If anyone told me that DC couldn’t manage to squeeze in an unconscious teen-age girl, an upskirt and a porn-face in just one page of a comic book I would have laughed and told them they underestimate the creative teams of today’s funny books.
A few things to remember is that most of today’s artists and fans are children of the Bad 90s and they expect a risque type of imagery. The other is that companies are so desperate to make a sale, any sale, that inappropriate sexual imagery is almost always added to any scene in a comic book (and movie, novel, advertisement, etc.) because it just may motivate that tiny percentage of the population to hand over some cash that otherwise they would not. It may be that teasing a small portion of consumers by using saucy poses is worth it to the bottom line because most of the stable audience of die-hard fans will ignore it in favor of reading and collecting a book in spite of the continuing negative portrayal of the sexes. Think of it like chocolate sprinkles on a ice cream sundae. To many people it doesn’t hurt and may be seen as a value-added commodity.
As example, Mary Marvel in the recent issue of Countdown #22 (November 2007). After a battle, Mary is rendered unconscious or insensate and is drifting in space. For no reason at all the scene is sexily designed to show readers what is under her very short skirt. There were a lot of poses for Mary that the artists could have used but the “Am I a good girl, Daddy?” pose is the one they chose. Mary then begins to wake up. She is confused, disoriented and manages to shed a tear in the vacuum of space. Hey, it’s comic book magic, don’t sweat the how. Maybe she is mourning her lost innocence.
I don’t know what artistic point the creators were going for by having a single tear run down the face of an unconscious teen-age girl wearing an adhesive mini-skirt and kinky-boots, but the scene is kind of familiar.
Maybe I’m reading too much into it, but Mary is another strong and capable female character with a rich history that is is knocked unconscious and portrayed as helpless, who then and wakes up disoriented with something wet spilling down her face. I think there are movies that start out like that. When will we see Batman in a similar panel layout and situation?
Amazing Stories, June 1930
Science Wonder Stories, July 1929
Wonder Stories, December 1935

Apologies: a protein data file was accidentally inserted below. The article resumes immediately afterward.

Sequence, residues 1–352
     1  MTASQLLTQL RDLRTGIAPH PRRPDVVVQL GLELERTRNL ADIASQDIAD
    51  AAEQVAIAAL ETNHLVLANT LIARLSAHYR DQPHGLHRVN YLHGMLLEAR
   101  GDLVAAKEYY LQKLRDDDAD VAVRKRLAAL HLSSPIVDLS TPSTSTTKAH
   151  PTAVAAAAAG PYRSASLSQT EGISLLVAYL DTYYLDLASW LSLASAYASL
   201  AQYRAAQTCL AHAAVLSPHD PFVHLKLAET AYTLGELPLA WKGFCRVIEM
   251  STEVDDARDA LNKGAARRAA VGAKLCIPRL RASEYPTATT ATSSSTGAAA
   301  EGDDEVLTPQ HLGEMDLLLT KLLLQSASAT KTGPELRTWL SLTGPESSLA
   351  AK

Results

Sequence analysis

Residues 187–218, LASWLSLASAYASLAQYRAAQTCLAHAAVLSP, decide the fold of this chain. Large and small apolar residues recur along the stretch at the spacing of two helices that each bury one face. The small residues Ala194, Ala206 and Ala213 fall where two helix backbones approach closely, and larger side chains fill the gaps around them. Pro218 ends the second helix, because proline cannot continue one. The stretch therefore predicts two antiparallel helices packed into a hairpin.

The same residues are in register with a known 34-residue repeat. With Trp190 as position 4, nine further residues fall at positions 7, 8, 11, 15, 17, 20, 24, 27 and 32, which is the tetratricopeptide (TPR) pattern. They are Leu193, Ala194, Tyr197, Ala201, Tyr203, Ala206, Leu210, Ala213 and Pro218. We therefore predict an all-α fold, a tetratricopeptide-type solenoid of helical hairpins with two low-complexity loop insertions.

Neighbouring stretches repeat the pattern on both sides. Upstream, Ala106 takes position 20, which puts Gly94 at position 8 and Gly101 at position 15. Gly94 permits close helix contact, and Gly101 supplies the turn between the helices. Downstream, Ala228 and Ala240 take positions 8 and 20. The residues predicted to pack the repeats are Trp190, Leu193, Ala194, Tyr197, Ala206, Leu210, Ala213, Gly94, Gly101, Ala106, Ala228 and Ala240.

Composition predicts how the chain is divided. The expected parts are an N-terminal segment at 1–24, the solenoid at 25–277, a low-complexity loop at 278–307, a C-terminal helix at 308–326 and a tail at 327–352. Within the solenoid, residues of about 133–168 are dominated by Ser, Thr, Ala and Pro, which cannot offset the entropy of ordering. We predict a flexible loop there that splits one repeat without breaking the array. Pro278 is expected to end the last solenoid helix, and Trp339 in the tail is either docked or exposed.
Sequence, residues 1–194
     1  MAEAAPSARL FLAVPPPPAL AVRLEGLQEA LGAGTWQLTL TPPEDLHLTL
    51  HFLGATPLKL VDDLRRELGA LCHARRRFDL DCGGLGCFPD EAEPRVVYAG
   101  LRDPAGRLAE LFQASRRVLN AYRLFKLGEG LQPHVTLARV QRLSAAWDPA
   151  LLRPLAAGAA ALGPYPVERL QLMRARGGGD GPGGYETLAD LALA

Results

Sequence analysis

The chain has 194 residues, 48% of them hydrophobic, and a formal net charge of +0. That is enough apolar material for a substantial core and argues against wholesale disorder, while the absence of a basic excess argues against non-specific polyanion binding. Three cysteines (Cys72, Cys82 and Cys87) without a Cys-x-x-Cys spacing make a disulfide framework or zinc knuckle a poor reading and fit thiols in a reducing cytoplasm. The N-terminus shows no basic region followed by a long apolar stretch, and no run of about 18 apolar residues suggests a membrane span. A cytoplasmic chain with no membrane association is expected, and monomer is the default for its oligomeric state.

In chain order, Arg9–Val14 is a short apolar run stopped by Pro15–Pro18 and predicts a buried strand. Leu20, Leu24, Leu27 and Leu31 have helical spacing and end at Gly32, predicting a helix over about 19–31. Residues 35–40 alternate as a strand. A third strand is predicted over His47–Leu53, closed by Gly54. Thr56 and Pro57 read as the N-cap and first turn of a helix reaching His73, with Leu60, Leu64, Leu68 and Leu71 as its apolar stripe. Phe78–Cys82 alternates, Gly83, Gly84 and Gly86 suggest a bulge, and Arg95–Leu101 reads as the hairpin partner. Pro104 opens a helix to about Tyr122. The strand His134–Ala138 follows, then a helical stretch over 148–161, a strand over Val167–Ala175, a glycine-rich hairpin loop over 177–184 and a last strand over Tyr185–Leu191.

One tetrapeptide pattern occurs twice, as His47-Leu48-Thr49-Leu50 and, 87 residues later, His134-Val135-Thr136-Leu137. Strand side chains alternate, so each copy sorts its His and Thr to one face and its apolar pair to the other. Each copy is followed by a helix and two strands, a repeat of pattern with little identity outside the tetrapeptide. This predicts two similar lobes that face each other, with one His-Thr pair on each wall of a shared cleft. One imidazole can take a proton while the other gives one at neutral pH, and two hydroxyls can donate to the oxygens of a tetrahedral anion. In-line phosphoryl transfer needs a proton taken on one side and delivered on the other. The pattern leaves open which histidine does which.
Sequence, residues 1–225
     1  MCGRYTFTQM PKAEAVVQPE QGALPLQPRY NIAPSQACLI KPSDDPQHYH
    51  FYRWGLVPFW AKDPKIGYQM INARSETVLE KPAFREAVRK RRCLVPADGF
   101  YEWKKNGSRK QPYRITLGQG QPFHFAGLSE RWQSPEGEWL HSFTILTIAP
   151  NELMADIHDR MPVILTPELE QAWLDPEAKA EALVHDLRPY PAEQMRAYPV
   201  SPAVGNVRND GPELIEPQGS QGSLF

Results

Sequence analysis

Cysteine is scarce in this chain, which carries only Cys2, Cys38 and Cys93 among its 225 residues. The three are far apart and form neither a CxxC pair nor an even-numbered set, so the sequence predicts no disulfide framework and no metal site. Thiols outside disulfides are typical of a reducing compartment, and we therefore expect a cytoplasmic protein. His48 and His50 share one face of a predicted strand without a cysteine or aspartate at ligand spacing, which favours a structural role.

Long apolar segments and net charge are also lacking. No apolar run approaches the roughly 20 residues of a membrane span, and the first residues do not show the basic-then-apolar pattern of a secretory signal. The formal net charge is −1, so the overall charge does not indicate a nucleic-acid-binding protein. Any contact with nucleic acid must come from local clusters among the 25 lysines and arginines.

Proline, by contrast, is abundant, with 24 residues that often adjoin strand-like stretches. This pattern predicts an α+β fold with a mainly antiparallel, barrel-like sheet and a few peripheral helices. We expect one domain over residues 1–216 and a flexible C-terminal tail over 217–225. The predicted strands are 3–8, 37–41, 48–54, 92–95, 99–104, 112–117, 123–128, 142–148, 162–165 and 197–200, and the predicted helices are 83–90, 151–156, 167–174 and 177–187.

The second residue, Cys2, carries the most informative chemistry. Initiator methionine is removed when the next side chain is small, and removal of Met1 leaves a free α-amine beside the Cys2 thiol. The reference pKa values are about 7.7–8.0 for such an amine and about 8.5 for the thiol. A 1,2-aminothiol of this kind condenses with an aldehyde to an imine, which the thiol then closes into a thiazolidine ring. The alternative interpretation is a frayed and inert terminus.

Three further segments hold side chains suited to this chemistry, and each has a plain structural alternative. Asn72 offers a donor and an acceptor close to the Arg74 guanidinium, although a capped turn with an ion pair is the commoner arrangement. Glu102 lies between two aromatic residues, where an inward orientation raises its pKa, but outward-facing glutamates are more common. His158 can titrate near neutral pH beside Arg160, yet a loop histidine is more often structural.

You can read about the 1935 pulp story and the famous Frank R. Paul cover of Dream’s End (and even read the entire story) via this archived Lady, That’s My Skull link.
The Boy King was an exile from the Nazi-threatened land of Swisslakia who came to America to gather support and aid America in the fight against Hitler. Boy King fought spies and saboteurs that threatened America’s security, using his wits, royal fortune and a skyscraper-sized Golem that only he could command. Strangely, the Boy King and American officials never considered using the Golem to step on and squish all the Nazis. Hitler and his cronies were not so innocent though and considered the Golem a potent obstacle in their goal of conquering the world. In order to defeat the Boy King and his statue the German High Command orders the construction of a similarly-sized weapon that would attack and defeat the Boy King before moving on to crush all American resistance. What they came up with was the obvious response: a Giant Nazi Dinosaur Robot.
In the Golden Age there was a whole lot of pulse-pounding content jam-packed in about 30 pages of art and story. In those days, decompression meant that was what the artist did in a bar after a long day of trying to get paid by a cheap publisher. There is plenty of non-stop action in this story. In Clue Comics #4 and #5, the heroic Boy King defends American shores from a giant robot, battles his arch-nemesis (a Nazi officer with extending prosthetics for hands who comes off kind of like one of the Robonic Stooges) not once but several times, fights an octopus, meets a cute girl and there is even a slow-moving death trap thrown in for good measure!
Jump into the fray by clicking the picture above.
Be prepared to freak out.
In the December 1939 issue of Keen Detective Funnies debuted one of the most enigmatic super-heroes of the Golden Age of Comics. The issue featured the omnipotent character of THE EYE. The feature, titled The Eye Sees, was created by Frank Taylor and ran for a few years until the title suspended publication.
The Eye was a god-like creature of brutal retaliation and terrible justice. The supreme being that metes out revenge was a concept which became a recurring theme of the type of hero that would later be commonplace in comic books of the Golden Age and could be found in the form of such characters as the Specter, Stardust the Super-Wizard, Green Lantern and others.
The Frank Taylor creation was unusual in several respects, one being that it was one of the few characters that went without elaboration and readers never received an origin or back story. Another aspect of The Eye was that it was different from many other “heroes” in that it was very Old Testament when dealing with mortals. The Eye did not simply perceive wrongs and act to correct them from on high through improbable means. The Eye demanded unquestioning obedience from the people it deigned to assist and ordered them to do some actual field work to attain justice.
You can download and observe for yourself the debut story of The Eye Sees by zapping the picture with your lightnings.
More bad, dated advice from romance comic books written by old men with Mommy issues.
The illustration for #1 seems kind of odd, showing what I take to be the Mom walking off with two men.
From Love Problems and Advice, Illustrated #2 (August 1949).